Then there's that other black hole known as "infrastructure improvement." You know, Americans may pride themselves on being free from the shackles of history, but even the most ignorant among us remembers the Golden Age of Shovel-Ready Projects. We have yet to forget the triumph and drama of such urgently needed local improvements as the police facility solar panels of Lake Havasu, Arizona that would, the nation's buck-hungry mayors told us, would cost just $400,000 and generate 75 jobs; or the O'Malley Road Reconstruction in Anchorage, Alaska that we were told would create a whopping 300 jobs for just $30 milion in stimulus funds. And let's not forget the $71,000 that Manhattan, Kansas wanted to spend on a traffic light coordinator. According to your admin's own predictions regarding the unemployment rate and jobs created (later reduced to "saved," for at least as long stimulus dollars flowed) the stimulus didn't work. Don't double down on failure. You're already doing that in Afghanistan and there's no need to bring that war home.

There's at least two things to keep in mind about pouring more money—sorry, investment—down the rat hole of building bridges and super-trains that can go almost as fast as cars while costing 10 times as much. First, we're broke, at the state level, the local level, and the federal level. Check it out, why dontcha? Federal outlays in real terms are up 60 percent since Bill Clinton hit the bricks. If George W. Bush was the fuse, you, sir, are the explosion. In 2007, the fed's debt-to-GDP ratio was 37 percent. Now it's 63 percent and climbing faster than a dog-chased postman up a tree. You can't even pass a goddamned budget for this fiscal year and you're going to tell us we need to shell out more dough than ever?

Here's the kicker: To the extent that we need to maintain and increase infrastructure in the country, there's no need to spend public dollars. Take a page from the super-successful long-term lease of the Indiana Toll Road, where the Hoosier State dumped an epic money-losing white elephant on a private firm that a) paid almost $4 billion up front for a 75-year lease; b) pledged to do precisely the sort of improvements that the state couldn't afford, and c) will follow state guidelines or see its lease revoked. Spending on roads and the like (including absolutely useless money pits like high-speed rail) won't stimulate the economy or get people from point A to point B. They will saddle us with even more debt, which will either burden us with higher taxes or squeeze credit markets for the private sector. There's a ton of firms who are ready and willing to expand road capacity using their own money in exchange for the ability to make dollars off that increased capacity. You're sweating over China. Well, China is building most of its infrastructure with private funds. This may be one of the cases where it's worth following their lead.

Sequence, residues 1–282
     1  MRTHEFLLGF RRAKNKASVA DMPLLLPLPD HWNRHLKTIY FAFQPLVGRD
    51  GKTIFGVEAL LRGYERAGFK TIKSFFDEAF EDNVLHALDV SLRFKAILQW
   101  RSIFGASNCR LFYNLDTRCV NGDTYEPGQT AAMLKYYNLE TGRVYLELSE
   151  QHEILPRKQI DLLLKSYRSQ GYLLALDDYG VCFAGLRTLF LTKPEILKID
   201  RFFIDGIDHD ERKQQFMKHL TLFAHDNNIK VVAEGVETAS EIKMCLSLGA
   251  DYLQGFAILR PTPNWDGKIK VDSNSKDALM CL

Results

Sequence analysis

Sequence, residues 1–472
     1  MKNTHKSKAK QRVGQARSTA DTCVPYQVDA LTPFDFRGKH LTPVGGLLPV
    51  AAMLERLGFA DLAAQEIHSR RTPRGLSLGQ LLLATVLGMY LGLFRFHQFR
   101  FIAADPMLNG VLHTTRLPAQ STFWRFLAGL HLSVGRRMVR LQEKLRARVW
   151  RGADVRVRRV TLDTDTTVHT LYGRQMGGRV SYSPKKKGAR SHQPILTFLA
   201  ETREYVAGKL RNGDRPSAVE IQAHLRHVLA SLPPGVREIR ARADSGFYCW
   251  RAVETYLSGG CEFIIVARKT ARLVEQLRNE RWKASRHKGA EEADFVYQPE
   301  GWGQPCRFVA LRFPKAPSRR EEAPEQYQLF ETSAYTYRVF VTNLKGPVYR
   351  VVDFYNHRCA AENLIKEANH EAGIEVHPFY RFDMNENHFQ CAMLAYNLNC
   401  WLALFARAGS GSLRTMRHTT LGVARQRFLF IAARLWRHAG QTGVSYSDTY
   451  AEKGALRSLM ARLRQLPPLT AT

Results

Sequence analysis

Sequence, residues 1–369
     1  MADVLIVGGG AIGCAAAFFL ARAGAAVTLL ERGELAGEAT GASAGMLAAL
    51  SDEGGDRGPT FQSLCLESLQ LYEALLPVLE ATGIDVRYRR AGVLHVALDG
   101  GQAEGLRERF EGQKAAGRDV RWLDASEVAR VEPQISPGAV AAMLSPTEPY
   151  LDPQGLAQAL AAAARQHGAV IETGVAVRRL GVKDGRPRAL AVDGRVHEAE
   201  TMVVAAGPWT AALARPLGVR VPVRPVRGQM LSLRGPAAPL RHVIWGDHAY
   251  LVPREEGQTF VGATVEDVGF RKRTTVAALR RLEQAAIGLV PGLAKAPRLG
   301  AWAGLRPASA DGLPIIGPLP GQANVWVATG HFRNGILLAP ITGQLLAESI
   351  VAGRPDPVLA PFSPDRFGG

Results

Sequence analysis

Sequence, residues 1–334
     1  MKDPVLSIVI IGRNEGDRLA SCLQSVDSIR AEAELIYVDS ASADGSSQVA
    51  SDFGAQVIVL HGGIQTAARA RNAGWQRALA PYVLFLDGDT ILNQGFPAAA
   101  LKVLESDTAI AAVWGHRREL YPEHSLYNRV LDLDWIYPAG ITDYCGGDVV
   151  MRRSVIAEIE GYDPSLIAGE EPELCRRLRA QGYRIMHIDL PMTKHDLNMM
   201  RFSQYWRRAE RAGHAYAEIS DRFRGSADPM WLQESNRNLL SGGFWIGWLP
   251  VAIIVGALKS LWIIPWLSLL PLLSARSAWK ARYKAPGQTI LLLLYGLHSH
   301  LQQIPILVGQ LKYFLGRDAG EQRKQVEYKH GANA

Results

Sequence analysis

The GOP got elected to a majority in the House of Representatives because your first two years have been a disaster for most of us. And note that the disaster isn't because you were stymied in your ambitions. It was because you got exactly what you asked for: Unpopular bailouts to banktards and car companies and deadbeat mortage holders, stimulus spending up the wazoo, vague yet "transformative" health care reforms, financial regulation overhaul that will only make it more difficult for low-income folks to get credit cards, you name it.

Now that they are in power, of course, Republicans are sputtering like a Chevy Monza when it comes to naming something/anything they'll cut other than maybe kinda sorta NPR funding. Be brave and tell them and America that you're ready to take on the entitlement spending that is outta control and is a bad deal especially for poorer and darker Americans who get stiffed on Social Security and Medicare. And tell us you're ready to free up all the dead capital and dead bodies and forsaken futures that are trapped in military budget that is more than six times what China shells out in absolute dollars and more than twice as much in terms of percentages of GDP. You want the U.S. to be "competitive," then maybe just maybe it's time to give more power to the people who pay the bills for the sorry situation we're in right now.

Sometimes freedom's just another word for nothing left to lose. And as residents of a variety of countries (including Canada, New Zealand, Sweden, and Lithuania) could tell you, sometimes austerity is just another word for economic expansion.